Tragic Kingdom

Open cars and clearer stars
That’s what I’ve lacked
But fantasy world and Disney girls
I’m coming back

Bruce Johnston wrote Disney Girls for The Beach Boys’ 1971 album Surf’s Up. The actual song title includes the year 1957 to make sure we knew this was a nostalgic look back complete with reference to ‘Ricky and David’ (as with most mentions, if you don’t know these two please stop reading) which just about corresponds to when Disneyland was really catching on with the kids. I was fortunate enough to be taken there by my parents in December of 1966 as perhaps a gift for my coming Bar Mitzvah. I was very fortunate to fly cross country when most of my friends were years away from a trip to the airport.

Back then Disneyland was the stuff of Golden Book adventures, 3D View-master sets, Mickey, Donald and Goofy cartoons and B roll in the credits for The Magical World Of Disney that played on just about every network. I don’t remember that much but I do have photos of me riding a horse in Frontierland with my brother Adam, then just five. My father said that the first time Adam actually asked for something was when he pulled on his sleeve so he could have a second go on the Submarine Voyage which was a seat on a bench in a hull about eight inches below the surface tracking past a diorama of plastic aquatic creatures. The tech was so lame it made Diver Dan look like Avatar II. Again, if you don’t know Diver Dan….

You should know that my brother Adam is severely autistic and now, at 62, is an older adult with autism but an easy guy to be with with a hankering for 60s Top 40, Broadway musicals from the same era and 500-count jigsaw puzzles. 

So a few months ago, in the wake of my father’s passing and my brother’s loss of Doug, his roommate through a series of group homes for the past 30 years, I decided to take him to Disney World. I hadn’t been in 25 years outside of a day at Disneyland with my daughter a solid 15 years ago. On the earlier trip I not only had my kids and my then wife Lisa but also my mother-in-law, the latter two being more trouble than the kids. All I recall is about twenty turns on the Barnstormer kiddie coaster and American Express calling me mid-trip with firm direction to “put the card away Mr. Gross.”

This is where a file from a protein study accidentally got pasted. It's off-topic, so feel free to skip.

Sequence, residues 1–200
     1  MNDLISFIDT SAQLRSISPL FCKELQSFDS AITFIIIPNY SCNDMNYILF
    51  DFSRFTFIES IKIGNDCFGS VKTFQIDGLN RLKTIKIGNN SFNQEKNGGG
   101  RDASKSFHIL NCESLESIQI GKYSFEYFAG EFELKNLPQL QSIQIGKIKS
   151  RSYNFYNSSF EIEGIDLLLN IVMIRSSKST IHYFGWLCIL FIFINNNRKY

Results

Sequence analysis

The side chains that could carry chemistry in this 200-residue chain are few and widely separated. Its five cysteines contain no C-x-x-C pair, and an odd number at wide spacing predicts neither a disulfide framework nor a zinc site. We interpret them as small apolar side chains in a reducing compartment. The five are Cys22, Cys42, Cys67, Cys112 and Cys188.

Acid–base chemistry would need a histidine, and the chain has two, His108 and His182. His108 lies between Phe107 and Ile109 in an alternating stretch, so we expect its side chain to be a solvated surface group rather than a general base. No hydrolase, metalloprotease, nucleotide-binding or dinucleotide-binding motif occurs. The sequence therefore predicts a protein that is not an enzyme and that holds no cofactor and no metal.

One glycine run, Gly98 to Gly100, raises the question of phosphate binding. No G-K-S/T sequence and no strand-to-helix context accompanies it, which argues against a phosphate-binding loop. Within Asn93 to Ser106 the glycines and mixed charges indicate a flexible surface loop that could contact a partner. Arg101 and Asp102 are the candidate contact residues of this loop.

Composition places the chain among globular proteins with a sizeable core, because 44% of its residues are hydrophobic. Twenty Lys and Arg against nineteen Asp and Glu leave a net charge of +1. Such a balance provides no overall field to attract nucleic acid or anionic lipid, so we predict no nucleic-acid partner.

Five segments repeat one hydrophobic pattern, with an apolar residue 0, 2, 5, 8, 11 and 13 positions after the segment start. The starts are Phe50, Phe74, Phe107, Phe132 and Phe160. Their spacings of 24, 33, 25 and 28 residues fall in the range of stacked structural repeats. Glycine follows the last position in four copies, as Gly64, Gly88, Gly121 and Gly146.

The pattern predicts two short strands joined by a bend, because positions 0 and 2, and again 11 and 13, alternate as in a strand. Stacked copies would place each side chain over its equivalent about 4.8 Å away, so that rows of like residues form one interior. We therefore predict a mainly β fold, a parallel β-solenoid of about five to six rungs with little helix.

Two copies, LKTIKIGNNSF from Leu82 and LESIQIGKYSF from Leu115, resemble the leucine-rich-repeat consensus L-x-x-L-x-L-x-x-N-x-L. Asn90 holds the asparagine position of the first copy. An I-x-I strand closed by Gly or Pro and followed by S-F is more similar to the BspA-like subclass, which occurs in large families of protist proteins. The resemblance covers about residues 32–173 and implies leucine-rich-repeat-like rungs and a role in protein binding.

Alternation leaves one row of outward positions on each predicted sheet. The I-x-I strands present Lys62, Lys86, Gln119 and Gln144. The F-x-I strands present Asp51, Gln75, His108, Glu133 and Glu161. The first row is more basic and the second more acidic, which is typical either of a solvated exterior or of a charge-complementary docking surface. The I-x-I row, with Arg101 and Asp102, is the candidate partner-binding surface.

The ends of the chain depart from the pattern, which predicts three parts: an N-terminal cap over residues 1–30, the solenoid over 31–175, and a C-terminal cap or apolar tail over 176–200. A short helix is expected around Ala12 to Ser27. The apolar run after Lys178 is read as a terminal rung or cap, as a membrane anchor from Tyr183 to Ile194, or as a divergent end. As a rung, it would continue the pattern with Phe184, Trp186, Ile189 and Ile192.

So I booked a little condo on VRBO, bought some plane tickets for Adam and Monica, his support staff, and drove up from Miami to meet them. I also bought three days worth of park tickets at a solid $1300. This is USD for bookings of a day each at The Magic Kingdom, Disney Hollywood Studios and Animal Planet. This maxed out my advance planning skills.

We get to what I call The Tragic Kingdom for the first day and after paying forty five bucks for the Preferred Parking option, called such because Disney prefers you pay more for the same Bataan Death March endured by the slobs paying just $25 for Non-Preferred, we got to what was not quite the park entrance. To get to the actual turnstiles, we had a choice of the monorail or, as I came to know it, the Disney Slave Ship Experience on one of their ferries to the dystopian scanning pods where they take your fingerprints under the guise of security for your park pass in case it is stolen. Couldn’t you just report the card as stolen to deactivate it? When I balked they said I could take my case to customer service but I had Adam with me and it wasn’t fair to him or Monica to delay the festivities so I acceded to the fingerprint under duress. I regret taking the COVID vaccine. I hope I don’t regret giving the Disney Company my fingerprints. Welcome to the total surveillance hellscape of the future, way more of a Tomorrowland experience than the actual Tomorrowland. More on that later. Trust me, Disney is just testing us but in a few steps there were were on Disney’s Main Street as I remember it, built by its ‘Imagineers’ to replicate a typical American town sometime after the turn of the century, the 20th century to be sure, back when sarsaparilla was a thing.

Now it looks a little tired, a relic of an America that has long gone away, no more than a thin veneer for the unrelenting blitz of Disney merchandise in every friggin’ store on the street. First thing I learn is that Adam’s beloved Submarine Voyage was closed a long time ago. Sat a little shiva for it and we went to what was left of retro Adventureland and our first attraction, a steady climb up the tree that housed The Swiss Family Robinson of the 1960 Disney movie. This slight attraction is beyond antique because the unwashed mob at the park never even heard of the shipwrecked adventures of John Mills and Dorothy McGuire and their sons Fritz, Ernst and Francis. People kind of stared at the rooms with a “WTF” look and then moved on quickly. This attraction was supposed to have closed decades ago and replaced with a Tarzan treehouse but that film stiffed so the Imagineers haven’t figured out a replacement.